June 23, 2008

Baseball and classics collide

Free associations come most freely and with the least inhibitions early in the morning, before the coffee kicks in.

I was up early (not that I had any choice in the matter) and watching Sports Center with the two boys when one of the anchors referred to KC Royal pitcher Gil Meche (pronounced "Mesh"). I immediately hit the free association button and thought:

Damn, he must be the first Sumerian to make it to the Show. Figures he'd break in as a pitcher, everyone knows Gilgamesh could not hit the long ball."

Wonder where Enkidu is playing these days?

Posted by Random Penseur at 09:09 AM | Comments (0) | TrackBack

June 20, 2008

Report from last weekend

As we stand on the verge of an other busy, activity filled weekend, I take some small consolation in the knowledge that this weekend upcoming will not be as busy as the weekend just past.

The highlight on Saturday was the Boy Child’s last little league game of the season. This was, without question, his best game. He has turned into quite the little short stop. Our team (playing little kid rules of 3 innings and each time getting to basically bat the entire line up) recorded 8 outs against the other team for a season high number of outs. Of the 8, the BC personally recorded 6 of them. In the first inning alone, he cleanly fielded ground balls hit to him at short stop and threw the runners out at home in a force play with the bases loaded. It was the only time this year that we got out of an inning without the other team scoring against us. He was, as one of our other coaches said, a vacuum cleaner, just sucking up any ground ball hit to his side of the field. The reason he was able to do this was because when he is on the field, he has total focus and concentration on the game – unlike just about any other kid on the team. The BC got hits at each of his at bats, including a line drive one hop grounder that went off the shoulder of a fielder. He hit it so hard that play had to stop until the kid stopped crying and shook it off. The BC ran to first, exhibiting “nice wheels” as one of our coaches said. On the next play right after that, our batter grounded to second and the BC ran as fast as he could from first to second. Only, the second baseman was standing in the base path between the BC and the base. So, the BC wiped him out, dashing him to the ground and taking him out of the play. There followed from that an extended discussion between the BC, the second baseman (who was complaining about the rough treatment) and the coach of the other team. The BC explained: “He was in the way and I was afraid I was going to get out”. The coach agreed, telling his player that he had been standing in the base path and the BC had the right of way.

The change in the BC from the first game, where he waved pathetically at the ball with his bat, couldn’t really throw, didn’t know where to run, and had no idea how to field, was extraordinary. He was an absolute stand out. The boy’s got game.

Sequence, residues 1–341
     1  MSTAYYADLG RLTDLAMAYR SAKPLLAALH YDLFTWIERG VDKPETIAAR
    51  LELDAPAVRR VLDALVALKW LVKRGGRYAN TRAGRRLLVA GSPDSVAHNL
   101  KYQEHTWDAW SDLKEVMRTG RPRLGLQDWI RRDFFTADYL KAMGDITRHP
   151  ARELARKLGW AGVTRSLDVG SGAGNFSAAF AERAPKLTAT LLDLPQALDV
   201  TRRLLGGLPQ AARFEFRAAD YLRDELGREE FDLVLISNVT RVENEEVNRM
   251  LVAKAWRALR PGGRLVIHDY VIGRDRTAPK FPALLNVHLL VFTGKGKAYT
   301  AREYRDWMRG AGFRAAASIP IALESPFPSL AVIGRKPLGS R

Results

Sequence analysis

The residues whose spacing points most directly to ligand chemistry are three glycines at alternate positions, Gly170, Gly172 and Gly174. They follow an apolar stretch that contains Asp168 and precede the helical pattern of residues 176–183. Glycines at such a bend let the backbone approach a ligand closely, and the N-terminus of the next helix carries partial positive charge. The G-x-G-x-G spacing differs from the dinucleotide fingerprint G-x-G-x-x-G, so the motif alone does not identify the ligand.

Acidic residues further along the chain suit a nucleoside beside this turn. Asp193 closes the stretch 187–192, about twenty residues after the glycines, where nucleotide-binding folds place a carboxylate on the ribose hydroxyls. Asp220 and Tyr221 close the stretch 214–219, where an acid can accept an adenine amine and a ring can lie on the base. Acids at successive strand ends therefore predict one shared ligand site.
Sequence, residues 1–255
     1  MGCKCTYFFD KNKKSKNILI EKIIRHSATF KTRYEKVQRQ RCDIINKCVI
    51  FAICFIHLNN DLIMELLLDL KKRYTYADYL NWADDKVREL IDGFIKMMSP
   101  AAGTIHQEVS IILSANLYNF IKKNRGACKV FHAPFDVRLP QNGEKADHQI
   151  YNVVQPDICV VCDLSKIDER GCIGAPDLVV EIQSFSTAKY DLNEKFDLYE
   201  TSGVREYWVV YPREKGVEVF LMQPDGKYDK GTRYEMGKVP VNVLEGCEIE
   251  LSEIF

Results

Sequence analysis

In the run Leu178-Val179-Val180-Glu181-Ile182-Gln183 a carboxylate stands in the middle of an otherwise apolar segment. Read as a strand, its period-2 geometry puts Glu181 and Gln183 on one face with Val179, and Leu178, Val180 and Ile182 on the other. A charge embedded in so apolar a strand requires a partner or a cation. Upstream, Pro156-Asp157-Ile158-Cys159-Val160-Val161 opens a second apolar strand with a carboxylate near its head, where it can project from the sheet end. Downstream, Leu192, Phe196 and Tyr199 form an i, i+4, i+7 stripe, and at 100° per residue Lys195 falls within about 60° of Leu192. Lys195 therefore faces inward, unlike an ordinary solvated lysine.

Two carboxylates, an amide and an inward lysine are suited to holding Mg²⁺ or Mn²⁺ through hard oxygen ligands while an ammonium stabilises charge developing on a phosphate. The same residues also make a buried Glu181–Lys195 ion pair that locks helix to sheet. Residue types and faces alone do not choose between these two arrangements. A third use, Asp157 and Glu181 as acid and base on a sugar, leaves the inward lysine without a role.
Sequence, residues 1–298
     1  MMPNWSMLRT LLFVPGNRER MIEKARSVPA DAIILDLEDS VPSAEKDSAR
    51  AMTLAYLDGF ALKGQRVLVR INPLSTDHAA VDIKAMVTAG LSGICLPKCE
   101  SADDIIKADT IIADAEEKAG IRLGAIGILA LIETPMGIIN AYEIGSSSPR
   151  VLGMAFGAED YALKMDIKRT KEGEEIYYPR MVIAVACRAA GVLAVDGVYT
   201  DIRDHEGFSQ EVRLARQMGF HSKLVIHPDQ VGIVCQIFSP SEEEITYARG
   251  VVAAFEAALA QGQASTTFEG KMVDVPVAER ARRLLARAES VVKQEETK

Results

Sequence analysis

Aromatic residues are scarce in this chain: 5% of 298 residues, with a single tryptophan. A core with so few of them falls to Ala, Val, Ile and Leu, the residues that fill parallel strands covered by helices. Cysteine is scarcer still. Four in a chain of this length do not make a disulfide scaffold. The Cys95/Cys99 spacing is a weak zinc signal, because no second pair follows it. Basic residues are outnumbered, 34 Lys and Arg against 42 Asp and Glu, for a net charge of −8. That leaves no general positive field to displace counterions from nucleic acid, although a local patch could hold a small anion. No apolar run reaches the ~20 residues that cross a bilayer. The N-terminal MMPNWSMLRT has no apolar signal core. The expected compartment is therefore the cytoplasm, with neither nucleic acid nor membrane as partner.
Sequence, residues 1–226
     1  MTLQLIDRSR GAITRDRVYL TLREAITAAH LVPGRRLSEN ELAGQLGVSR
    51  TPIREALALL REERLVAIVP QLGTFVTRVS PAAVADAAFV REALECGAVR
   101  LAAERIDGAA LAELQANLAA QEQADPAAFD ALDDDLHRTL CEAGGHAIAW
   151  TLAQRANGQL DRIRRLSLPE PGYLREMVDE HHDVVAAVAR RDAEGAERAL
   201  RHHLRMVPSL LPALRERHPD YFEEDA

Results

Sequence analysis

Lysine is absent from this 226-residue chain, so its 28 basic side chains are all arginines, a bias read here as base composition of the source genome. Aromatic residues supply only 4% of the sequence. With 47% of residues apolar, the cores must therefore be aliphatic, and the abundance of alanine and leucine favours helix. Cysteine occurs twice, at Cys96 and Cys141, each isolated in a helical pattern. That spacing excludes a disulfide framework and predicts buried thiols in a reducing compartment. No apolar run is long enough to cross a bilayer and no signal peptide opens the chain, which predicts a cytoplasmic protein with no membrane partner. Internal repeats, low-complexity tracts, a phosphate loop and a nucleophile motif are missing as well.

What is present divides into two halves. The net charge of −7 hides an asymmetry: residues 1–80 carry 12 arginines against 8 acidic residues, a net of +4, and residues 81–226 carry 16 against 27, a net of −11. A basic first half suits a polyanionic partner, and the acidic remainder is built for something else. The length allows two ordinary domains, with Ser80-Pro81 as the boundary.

On Sunday, which was Father’s Day, I was up with the Girl Child and we were out of the house by 6:45 to drive down to Greenwich for her first away horse show. The show was held on the grounds of a very wealthy family’s estate in the backcountry of Greenwich. The GC was terribly worried the whole way down that her pony would misbehave. Her pony loves grass and cannot stop himself from grazing even under the most inappropriate of circumstances. The show was being held on a grass field. The GC, as it turned out, was right to be worried.

Her first event was Short Stirrup Equitation Walk Trot. The pony stopped in the middle of the event no fewer than eight times to graze on the tasty grass. The GC did not lose her composure. She just pulled his head back up and kept on going. She did get angry, though. She was at the trot in her half seat – a jumping position where her bottom is off the saddle and her hands are up by the horse’s mane – when the pony stopped short. She almost went over his head. This time she stood in her stirrups, yanked his head up forcefully with her left hand on the reins while, at the same time, smacking him in the face with her crop. It looked as painful as she looked determined and it sure got him moving again. I was standing with three of the senior riding instructors, watching, while the GC struggled with her pony. All three thought that the GC showed exceptional poise and composure. One of them said that any other child confronted with this situation would have been in tears in the middle of the ring long before the eighth stop. The other instructor, the most senior, said to me that the GC is the complete package – great skills and a tremendous attitude – that she isn’t missing anything. It was lovely praise. More than that, though, it was a wonderful Father’s Day present to watch the GC battle through and not lose her concentration or composure. Everyone agreed that the GC is one tough kid. I was thrilled.

Posted by Random Penseur at 01:56 PM | Comments (1) | TrackBack